(Source: IVLA website. http://www.ivla.org. Retrieved 11.05.2015.)

Double spread from Grace, Romeo, Juliet and Fred by Martyn Hobbs. Illustrated by Lorenzo Sabbatini. © Helbling Languages

Double spread from Grace, Romeo, Juliet and Fred by Martyn Hobbs. Illustrated by Lorenzo Sabbatini. © Helbling Languages

Graphic stories

In the Helbling Readers series you will find a collection of readers which feature fully illustrated stories and double-page cartoon spreads. These stories are an interesting combination of illustrated short stories and cartoons. The parts with more action and dialogue are presented through the cartoon spreads, letting the reader experience the fast-spaced verbal and visual aspects of a real-life conversation. The illustrations help the readers visualize the scenes and their atmosphere.

The stories are centred around a group of six friends called the Westbourne Kids. Your students can easily choose their favourite ‘friend’ and identify with him or her. You can learn more about the series and check out some sample pages on the Helbling Readers website.

Double spread from David and the Great Detective by Martyn Hobbs.

Double spread from David and the Great Detective by Martyn Hobbs. Illustrated by Lorenzo Sabbatini. © Helbling Languages

Graphic stories n the classroom

Research backs up teachers’ instincts to suggest that when we read graphic stories in the classroom, we should not concentrate too much on their instructional value. Students (younger and older), and probably most teachers enjoy reading cartoons, comic books and graphic novels in their free time, and we should take advantage of this entertainment value instead of stifling it with too many exercises or too much focus on grammar and vocabulary teaching. Language learning will automatically happen on a deep implicit level.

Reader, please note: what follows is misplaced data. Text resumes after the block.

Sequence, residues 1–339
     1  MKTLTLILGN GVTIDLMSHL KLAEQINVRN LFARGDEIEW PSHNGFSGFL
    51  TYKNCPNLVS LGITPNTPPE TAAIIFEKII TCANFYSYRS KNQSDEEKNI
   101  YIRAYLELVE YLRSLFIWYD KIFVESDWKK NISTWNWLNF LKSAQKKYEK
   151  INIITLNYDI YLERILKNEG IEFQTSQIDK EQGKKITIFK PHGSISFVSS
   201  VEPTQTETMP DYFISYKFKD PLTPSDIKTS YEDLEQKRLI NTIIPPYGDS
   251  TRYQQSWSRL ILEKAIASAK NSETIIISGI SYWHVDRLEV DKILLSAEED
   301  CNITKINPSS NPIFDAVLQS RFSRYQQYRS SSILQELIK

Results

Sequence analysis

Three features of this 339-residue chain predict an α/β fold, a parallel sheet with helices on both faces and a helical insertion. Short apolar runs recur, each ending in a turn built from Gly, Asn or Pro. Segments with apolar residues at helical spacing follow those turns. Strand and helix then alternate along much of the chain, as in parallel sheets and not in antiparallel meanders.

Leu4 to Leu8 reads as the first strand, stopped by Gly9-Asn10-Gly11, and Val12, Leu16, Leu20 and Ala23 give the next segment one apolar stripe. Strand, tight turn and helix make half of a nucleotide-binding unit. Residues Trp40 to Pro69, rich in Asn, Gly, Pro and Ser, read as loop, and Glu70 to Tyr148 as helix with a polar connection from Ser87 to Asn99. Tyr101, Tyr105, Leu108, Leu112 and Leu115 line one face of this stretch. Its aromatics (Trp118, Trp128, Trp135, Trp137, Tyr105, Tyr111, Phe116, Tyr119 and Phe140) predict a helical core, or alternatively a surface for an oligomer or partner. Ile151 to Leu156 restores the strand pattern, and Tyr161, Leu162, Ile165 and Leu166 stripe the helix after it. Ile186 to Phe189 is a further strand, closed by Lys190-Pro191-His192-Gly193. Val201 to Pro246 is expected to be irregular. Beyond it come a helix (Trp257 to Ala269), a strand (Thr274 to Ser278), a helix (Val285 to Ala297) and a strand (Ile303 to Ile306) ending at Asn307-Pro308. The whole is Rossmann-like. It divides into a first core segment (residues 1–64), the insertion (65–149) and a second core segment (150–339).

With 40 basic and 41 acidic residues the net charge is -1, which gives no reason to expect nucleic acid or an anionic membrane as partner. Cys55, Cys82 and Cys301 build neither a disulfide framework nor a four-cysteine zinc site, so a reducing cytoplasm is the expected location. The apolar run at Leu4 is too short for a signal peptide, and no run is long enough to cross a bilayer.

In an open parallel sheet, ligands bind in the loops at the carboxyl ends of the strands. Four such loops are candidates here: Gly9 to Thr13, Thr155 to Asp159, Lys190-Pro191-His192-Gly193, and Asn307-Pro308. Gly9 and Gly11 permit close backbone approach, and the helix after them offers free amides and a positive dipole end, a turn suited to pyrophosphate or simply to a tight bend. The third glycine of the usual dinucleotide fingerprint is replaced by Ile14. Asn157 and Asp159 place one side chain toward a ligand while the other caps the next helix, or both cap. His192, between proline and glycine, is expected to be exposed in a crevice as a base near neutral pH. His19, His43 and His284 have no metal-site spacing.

1 The cartoon spreads let you analyze and understand communication on various levels. When you are reading a cartoon together, discuss the following points which are also expressed by the visual aspects of the cartoons:

  • what people think (thought bubbles)
  • what people say (speech bubbles)
  • what people do (visual narrative, sound effects)
  • what we say about these things (narration in the caption boxes)

Read more about the language of comics on this website.

2 When you are reading cartoons in class, ask:

  • What do the characters think?
  • What are they doing?
  • What objects create the sound effects?

3 Ask your students to narrate the cartoon spreads with their own words.

4 If you are using an online cartoon maker, you can leave these bubbles and boxes empty, and ask your students to fill in the gaps.

5 Create your own comic book from your own photos.

  • Students take photos with their smart phones.
  • They use a special photo editor to make their photos look like comic strips.
  • They use a smart phone application to add their captions, narration and speech and thought bubbles.
  • They can either print the comic book or present it in an online edition.

HELBLING READERS FICTION – GRAPHIC STORIES

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Read more about graphic stories on this Blog:

And three interesting articles:

Come back on Thursday for more on graphic novels! We’ll be sharing a list of applications and websites you can use in class.